Hi Jezza, away from the endless talk of a Lions 10, who are you tipping to get that Test 13 shirt? Another two tries from Manu Tuilagi puts him at the front for me, but Brian O'Driscoll oozes class and Jonathan Davies looks every bit as influential as both of them? Anyone outside these three catching your eye? Sarre d_camel

Manu Tuilagi

For me a fit, in-form and hungry O'Driscoll needs to go on the tour but I watched him get gassed by Gareth Maule at the weekend. That wouldn't have happened a few years ago. Jonathan Davies is a fine player and has the advantage of playing with Jamie Roberts for Wales. Tuilagi has that X factor; his explosive power is a huge threat and would cause damage against any defence. Jonathan Joseph has an outside chance if he gets selected and England play well. Before Scotland's Joe Ansbro got injured I would have said he had a chance as well. It's certainly a position with lots of of talented options to choose from. Scott Williams would also have a chance, but he's got to be a regular in the Welsh side really.

With wins for Quins, Sarries and Leicester, and their two easiest games coming up, how many English clubs do you see making the next round? TheLastKingofEngland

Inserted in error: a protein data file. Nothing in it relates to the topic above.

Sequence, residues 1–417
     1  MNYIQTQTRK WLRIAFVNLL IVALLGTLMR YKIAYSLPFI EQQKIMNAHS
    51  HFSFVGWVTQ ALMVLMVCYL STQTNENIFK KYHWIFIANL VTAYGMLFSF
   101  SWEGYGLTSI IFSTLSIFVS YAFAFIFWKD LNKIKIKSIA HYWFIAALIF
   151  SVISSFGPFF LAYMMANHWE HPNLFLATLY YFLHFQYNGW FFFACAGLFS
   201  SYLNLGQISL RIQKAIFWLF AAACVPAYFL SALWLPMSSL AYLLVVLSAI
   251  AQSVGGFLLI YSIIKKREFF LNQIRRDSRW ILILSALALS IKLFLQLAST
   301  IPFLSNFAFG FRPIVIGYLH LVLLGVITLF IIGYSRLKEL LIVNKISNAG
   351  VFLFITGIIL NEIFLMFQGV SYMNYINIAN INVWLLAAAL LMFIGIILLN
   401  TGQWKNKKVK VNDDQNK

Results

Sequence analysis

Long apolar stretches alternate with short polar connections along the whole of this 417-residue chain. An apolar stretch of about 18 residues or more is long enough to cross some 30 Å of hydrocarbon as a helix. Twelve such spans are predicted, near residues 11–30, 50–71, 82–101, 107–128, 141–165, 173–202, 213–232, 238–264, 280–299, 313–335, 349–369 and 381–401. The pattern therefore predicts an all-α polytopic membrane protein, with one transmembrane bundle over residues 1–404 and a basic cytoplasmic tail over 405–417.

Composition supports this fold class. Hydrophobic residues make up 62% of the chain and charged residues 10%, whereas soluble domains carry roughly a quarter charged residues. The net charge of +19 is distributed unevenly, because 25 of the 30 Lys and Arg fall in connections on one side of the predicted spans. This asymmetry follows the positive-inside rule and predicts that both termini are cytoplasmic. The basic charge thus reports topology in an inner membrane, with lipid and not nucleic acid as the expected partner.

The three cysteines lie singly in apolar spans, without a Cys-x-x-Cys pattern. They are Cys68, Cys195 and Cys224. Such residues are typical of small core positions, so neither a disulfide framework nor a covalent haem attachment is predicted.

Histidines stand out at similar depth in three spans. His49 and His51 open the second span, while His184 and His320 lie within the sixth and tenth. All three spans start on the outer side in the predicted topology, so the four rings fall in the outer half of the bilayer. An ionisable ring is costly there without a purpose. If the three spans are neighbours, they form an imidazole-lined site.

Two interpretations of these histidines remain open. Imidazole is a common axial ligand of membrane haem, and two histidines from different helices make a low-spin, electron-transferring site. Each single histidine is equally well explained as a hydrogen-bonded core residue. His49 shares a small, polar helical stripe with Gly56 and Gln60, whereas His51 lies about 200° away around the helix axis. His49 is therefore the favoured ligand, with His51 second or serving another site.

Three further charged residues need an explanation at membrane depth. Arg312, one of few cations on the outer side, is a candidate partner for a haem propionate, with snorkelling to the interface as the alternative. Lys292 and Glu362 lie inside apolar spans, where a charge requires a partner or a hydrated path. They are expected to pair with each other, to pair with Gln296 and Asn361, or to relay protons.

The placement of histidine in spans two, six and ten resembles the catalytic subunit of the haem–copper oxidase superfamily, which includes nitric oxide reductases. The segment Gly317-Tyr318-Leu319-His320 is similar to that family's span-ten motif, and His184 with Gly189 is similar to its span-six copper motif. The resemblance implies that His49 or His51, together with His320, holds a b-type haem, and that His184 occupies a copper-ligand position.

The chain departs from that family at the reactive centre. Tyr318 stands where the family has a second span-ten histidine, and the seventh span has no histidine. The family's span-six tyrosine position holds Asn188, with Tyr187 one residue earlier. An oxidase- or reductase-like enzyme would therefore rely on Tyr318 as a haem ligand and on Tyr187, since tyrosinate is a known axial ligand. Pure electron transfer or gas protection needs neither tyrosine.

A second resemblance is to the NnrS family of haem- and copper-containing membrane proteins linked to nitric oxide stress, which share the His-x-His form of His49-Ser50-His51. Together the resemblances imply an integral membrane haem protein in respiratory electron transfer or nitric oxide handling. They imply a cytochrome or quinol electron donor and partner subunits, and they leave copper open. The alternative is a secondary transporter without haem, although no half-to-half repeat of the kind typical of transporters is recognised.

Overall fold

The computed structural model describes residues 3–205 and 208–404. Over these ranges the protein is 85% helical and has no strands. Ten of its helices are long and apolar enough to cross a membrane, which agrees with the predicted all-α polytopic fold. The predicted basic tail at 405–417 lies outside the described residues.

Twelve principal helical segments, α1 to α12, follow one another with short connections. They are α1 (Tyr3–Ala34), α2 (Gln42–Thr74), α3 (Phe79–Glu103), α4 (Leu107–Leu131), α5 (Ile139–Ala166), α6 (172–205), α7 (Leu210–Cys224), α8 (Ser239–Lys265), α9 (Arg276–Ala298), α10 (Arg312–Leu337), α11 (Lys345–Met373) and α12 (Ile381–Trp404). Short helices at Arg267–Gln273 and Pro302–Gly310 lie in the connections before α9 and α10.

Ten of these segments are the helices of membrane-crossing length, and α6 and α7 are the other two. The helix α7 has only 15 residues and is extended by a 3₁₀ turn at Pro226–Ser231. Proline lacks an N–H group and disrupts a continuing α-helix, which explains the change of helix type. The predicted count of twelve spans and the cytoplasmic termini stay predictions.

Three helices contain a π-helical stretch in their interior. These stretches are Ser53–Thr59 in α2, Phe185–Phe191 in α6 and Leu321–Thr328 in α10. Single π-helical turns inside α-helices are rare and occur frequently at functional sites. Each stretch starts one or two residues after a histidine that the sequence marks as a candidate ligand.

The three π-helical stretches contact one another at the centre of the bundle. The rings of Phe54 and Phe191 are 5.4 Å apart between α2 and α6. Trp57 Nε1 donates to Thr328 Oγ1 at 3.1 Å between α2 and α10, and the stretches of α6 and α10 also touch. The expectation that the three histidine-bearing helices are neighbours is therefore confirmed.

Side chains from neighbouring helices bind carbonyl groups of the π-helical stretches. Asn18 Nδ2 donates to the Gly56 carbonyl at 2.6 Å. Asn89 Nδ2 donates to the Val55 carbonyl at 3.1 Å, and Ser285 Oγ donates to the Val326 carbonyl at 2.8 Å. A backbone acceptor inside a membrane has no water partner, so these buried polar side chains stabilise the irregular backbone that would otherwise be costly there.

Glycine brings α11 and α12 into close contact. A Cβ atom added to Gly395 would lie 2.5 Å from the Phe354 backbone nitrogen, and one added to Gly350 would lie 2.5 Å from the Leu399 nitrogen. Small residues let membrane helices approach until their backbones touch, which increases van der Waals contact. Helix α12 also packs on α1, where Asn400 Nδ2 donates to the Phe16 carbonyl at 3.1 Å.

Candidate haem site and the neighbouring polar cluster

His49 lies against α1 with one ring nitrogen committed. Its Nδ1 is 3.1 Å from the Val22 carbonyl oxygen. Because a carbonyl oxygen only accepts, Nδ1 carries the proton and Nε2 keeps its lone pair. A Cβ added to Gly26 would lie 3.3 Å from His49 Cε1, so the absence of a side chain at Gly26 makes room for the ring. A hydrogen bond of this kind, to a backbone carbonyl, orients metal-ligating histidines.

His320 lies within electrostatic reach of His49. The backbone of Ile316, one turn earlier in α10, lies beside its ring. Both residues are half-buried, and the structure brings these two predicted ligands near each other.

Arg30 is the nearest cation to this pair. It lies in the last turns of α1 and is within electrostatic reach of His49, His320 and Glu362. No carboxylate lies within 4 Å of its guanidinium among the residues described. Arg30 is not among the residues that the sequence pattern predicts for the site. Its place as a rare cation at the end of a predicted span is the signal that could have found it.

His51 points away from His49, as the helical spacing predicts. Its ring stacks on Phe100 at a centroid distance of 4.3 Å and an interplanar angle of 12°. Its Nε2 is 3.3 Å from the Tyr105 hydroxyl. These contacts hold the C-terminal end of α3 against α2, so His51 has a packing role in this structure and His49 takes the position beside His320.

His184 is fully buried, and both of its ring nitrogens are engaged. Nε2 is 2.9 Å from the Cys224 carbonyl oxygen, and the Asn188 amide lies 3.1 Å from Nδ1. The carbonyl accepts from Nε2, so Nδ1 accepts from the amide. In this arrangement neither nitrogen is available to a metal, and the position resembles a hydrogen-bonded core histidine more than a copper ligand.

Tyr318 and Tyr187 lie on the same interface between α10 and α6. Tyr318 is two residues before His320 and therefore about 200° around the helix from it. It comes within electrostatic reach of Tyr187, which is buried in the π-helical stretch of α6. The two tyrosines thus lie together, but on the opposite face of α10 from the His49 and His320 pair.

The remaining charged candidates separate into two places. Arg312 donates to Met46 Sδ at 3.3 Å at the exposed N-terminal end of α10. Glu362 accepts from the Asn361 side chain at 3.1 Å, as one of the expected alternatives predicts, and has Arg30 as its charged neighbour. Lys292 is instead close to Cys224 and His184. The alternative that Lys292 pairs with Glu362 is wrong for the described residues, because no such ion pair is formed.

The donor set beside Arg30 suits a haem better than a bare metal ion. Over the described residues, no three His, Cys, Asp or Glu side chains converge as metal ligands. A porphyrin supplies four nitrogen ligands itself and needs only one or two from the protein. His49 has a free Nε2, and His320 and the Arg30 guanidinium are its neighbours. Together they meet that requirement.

Hi, Quins should cruise through to the knockout stages looking for maximum points to guarantee that home quarter-final. Sarries are in tremendous form and their next two games against Munster will determine their future in the competition. Exeter have made their mark but won't make it. Northampton have had a setback but are not totally out of it, but it becomes harder yet with the two games against Ulster next. Tigers have kept themselves alive and with Treviso next should accumulate some good points. Sale Sharks are unlikely to win both games against Toulon. Quins will qualify, Sarries have a very good chance as Tigers do, but Saints, Exeter and Sale won't make it through.